04/08/2015, 00.00
CAMBODIA - INDONESIA
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Moluccas: Cambodian fishermen among hundreds of enslaved migrants

They were locked in cages or hidden in the forests of the islet of Benjina. Reduced to slavery and forced to work for Thai-flagged vessels. The area is a melting pot for the forced labor, especially in the fishing industry. Migrant workers subjected to harassment and abuse.

Phnom Penh (AsiaNews / Agencies) - At least 58 Cambodian citizens are among the more than 300 fishermen, forced to work in conditions of slavery, discovered and rescued recently in a remote island in the Moluccas province, Indonesia.

In recent days, the government of Jakarta has discovered a group of migrant workers trapped on the islet of Benjina, following an investigation conducted by some reporters of the Associated Press (AP) which lasted over a year.

The investigation revealed the presence of fishermen from Myanmar, Laos and Cambodia trapped on the island; the migrant workers were forced to work under threats, in conditions of semi-slavery, on board vessels flying the Thai flag, specialized in trawling in Indonesian territorial waters.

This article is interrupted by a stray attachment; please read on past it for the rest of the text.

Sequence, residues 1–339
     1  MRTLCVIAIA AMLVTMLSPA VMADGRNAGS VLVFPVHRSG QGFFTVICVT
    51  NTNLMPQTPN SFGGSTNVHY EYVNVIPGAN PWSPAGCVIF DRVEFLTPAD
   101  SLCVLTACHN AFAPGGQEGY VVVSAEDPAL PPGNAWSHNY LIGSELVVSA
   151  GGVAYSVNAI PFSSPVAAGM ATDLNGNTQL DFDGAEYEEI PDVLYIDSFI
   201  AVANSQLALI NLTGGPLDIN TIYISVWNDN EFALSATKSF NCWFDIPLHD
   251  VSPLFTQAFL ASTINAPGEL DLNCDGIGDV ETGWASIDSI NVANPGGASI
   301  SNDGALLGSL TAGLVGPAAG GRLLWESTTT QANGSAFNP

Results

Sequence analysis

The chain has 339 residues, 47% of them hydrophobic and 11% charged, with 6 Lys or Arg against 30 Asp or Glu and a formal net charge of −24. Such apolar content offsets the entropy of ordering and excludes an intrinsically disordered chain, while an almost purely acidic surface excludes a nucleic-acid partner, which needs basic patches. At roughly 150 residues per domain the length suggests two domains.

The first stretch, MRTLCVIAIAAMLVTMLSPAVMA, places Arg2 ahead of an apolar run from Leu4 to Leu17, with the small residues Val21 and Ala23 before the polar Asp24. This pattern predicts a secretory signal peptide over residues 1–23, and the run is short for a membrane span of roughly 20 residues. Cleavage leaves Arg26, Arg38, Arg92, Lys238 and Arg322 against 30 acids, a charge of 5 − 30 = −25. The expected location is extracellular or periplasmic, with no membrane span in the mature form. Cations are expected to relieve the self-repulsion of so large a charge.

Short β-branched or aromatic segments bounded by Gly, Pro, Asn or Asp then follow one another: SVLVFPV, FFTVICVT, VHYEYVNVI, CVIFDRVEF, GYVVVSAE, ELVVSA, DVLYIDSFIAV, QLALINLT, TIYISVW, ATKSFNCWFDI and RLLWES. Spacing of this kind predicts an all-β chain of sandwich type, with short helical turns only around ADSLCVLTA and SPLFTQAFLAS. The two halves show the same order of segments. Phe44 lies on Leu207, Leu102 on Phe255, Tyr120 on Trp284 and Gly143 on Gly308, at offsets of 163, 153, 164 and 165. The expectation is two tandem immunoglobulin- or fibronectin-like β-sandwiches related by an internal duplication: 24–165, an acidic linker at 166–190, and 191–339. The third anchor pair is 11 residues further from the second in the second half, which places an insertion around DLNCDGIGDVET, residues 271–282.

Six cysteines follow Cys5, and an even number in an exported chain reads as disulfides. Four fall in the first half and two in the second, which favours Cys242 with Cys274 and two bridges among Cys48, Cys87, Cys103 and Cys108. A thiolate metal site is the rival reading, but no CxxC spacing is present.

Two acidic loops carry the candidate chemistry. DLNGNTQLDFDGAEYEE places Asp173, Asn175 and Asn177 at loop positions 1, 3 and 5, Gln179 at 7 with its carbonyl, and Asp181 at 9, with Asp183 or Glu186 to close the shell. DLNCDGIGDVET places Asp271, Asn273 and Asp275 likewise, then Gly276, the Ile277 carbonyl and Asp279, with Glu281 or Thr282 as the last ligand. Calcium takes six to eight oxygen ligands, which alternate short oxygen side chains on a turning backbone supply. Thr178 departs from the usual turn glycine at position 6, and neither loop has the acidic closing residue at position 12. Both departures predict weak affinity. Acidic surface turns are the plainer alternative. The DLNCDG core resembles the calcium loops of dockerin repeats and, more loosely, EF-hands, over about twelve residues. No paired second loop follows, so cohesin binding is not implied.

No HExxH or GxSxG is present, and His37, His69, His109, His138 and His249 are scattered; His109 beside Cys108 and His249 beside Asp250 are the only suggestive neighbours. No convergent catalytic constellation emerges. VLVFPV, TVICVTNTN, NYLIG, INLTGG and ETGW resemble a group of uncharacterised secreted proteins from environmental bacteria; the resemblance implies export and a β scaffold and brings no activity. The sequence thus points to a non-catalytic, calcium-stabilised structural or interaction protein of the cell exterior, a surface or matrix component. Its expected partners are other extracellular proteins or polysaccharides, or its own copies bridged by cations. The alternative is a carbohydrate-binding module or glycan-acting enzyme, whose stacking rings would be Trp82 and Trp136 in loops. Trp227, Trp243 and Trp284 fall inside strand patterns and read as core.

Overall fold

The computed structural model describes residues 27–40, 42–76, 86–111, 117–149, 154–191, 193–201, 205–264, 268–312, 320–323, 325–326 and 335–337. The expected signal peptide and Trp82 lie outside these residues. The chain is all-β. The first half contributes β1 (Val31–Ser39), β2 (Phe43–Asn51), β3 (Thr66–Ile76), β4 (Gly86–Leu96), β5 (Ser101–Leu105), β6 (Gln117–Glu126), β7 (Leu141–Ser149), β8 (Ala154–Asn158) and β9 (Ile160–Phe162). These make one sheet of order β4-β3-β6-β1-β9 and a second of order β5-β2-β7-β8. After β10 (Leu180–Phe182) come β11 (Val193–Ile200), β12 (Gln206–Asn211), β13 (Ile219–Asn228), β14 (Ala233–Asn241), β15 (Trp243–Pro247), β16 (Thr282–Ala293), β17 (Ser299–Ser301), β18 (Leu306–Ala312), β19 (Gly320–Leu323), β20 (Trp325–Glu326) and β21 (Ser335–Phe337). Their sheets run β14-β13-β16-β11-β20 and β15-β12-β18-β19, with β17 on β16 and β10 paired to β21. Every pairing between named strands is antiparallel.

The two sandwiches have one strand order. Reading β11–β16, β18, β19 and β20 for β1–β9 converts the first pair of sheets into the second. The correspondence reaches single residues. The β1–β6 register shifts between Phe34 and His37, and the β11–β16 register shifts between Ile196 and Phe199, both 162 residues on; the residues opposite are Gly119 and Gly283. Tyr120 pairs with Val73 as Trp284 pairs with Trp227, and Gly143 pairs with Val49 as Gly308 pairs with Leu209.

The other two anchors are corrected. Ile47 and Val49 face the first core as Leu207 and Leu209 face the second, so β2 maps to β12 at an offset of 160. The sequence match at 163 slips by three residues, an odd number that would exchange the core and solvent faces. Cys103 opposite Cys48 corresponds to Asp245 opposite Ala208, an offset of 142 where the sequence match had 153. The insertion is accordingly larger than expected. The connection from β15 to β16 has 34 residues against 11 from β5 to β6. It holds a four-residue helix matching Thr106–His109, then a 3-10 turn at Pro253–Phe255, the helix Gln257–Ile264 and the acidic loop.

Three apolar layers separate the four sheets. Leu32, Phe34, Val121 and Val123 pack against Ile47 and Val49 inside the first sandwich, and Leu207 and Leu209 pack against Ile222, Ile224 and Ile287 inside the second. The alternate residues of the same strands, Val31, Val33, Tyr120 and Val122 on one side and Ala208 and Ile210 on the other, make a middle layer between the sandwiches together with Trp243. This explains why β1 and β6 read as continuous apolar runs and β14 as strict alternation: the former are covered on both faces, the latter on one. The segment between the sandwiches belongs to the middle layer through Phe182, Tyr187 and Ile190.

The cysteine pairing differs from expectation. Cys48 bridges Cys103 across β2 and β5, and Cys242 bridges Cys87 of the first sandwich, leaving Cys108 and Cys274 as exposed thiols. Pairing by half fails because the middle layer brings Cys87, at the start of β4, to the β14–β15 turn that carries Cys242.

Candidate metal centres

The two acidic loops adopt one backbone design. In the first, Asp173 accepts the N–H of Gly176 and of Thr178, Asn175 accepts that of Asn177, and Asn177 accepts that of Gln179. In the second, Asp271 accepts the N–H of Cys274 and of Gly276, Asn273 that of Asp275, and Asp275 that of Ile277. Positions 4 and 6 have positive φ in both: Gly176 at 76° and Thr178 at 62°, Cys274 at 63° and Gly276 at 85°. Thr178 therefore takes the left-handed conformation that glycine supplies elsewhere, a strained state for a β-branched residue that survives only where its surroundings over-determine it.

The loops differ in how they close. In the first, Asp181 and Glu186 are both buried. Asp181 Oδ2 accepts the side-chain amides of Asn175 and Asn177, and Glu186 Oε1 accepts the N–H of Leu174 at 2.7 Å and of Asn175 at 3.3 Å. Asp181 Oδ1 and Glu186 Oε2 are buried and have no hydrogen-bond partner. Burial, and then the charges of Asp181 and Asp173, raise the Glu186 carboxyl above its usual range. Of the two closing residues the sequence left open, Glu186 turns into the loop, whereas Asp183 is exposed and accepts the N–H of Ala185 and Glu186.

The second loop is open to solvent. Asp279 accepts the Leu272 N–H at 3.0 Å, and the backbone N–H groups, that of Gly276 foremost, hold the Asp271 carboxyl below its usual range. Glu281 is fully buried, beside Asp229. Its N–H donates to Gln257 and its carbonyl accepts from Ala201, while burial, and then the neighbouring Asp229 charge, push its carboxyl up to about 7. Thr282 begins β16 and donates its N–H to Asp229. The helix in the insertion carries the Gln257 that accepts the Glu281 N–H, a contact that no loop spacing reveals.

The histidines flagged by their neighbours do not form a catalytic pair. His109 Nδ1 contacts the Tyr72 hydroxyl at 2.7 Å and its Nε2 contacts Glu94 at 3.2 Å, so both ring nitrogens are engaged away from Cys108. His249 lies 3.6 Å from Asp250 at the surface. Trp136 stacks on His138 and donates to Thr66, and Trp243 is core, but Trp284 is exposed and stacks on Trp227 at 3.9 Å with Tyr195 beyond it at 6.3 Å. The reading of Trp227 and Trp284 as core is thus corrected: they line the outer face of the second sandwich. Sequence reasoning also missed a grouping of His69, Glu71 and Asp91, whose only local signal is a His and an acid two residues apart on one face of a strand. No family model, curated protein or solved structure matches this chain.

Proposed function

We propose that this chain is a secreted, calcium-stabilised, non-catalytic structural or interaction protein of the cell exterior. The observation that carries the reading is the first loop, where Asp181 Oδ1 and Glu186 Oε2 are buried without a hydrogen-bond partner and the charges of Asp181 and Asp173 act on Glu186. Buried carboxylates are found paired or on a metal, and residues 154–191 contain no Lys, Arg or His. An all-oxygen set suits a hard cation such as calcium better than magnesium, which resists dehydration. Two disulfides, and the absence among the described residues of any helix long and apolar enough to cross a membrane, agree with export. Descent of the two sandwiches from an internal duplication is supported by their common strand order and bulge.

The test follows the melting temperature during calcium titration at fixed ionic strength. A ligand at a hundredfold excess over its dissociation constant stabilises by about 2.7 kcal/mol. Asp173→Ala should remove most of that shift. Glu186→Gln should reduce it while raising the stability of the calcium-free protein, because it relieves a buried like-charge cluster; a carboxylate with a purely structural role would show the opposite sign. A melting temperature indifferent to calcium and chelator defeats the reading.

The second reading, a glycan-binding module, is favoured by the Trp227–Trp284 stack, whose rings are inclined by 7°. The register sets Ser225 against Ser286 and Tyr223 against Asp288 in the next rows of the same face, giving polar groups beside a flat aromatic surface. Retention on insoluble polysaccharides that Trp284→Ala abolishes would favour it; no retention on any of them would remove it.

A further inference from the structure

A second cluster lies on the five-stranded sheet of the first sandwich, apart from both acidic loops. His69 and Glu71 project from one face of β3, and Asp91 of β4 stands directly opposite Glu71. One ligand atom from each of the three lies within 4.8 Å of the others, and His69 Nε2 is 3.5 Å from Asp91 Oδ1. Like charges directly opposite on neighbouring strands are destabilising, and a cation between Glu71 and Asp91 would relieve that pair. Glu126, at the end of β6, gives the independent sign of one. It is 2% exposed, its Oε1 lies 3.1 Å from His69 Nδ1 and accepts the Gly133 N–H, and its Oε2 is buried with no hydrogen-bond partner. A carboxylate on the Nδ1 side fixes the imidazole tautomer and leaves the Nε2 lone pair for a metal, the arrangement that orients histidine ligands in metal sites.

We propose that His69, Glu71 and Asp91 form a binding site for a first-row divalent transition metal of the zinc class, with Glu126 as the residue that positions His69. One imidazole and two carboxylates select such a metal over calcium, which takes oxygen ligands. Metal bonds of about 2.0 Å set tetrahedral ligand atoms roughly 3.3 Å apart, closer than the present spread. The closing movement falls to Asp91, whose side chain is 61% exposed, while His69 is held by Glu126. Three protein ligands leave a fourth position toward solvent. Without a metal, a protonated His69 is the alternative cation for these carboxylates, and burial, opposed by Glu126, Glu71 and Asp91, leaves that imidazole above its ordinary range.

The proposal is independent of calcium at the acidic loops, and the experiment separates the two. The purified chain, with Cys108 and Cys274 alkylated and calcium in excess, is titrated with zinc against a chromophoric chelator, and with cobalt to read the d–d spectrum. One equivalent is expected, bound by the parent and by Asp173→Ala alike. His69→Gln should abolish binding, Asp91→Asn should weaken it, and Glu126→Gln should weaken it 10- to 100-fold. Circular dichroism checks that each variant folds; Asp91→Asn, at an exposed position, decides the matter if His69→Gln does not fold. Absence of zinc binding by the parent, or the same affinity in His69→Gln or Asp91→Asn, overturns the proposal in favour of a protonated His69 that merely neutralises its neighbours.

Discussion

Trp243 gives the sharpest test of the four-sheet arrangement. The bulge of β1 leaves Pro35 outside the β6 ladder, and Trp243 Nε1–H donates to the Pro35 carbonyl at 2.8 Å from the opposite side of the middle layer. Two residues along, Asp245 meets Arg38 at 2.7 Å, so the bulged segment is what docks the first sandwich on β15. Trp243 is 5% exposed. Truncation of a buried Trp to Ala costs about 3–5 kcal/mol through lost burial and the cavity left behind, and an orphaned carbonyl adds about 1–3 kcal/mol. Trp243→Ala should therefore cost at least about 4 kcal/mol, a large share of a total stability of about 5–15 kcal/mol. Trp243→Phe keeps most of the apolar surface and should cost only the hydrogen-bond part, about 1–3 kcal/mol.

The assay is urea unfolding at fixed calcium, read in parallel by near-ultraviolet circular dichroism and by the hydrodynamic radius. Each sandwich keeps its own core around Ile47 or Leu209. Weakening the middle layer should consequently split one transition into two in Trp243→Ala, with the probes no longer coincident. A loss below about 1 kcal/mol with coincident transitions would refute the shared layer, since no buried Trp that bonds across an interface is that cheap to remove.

On board the fishing vessels the migrants were subject to abuse and harassment, including whippings with ropes made of toxic material; they were abandoned on the island, for refusing to work and a law passed recently by Jakarta to clamp down on illegal activities. Some of the fishermen were locked inside cages belonging to Pusaka Benjina Resources, the only fishing company authorized to operate on the island; others were hiding in the forest to escape their torturers.

According to figures provided by the International Organization for Migrants (ILO) 58 of 319 rescued fishermen were Cambodian. from The Ap investigation also shows that at least a thousand fishermen, at different times, were stranded on the island of Benjina, a true international hub of forced labor and of modern slavery linked to the fisheries sector.

Every year, thousands of Cambodian migrant workers cross the border with Thailand, in search of employment and better living conditions. However, most of them enter the country without proper documents, after paying unscrupulous traffickers who profit on trafficking with the promise (in vain) of a job. According to experts, the lack of documents and permits make them vulnerable and easy victims of forced labor, as happened to the fishermen who were rescued in Indonesia.

In early February the Catholic Church dedicated a day of prayer and awareness on the issue of human trafficking and modern forms of slavery. According to Pope Francis it is "a shameful scourge, unworthy of a civilized society" and addressing leaders and governments the pope asked them to “move decisively" to remove it.

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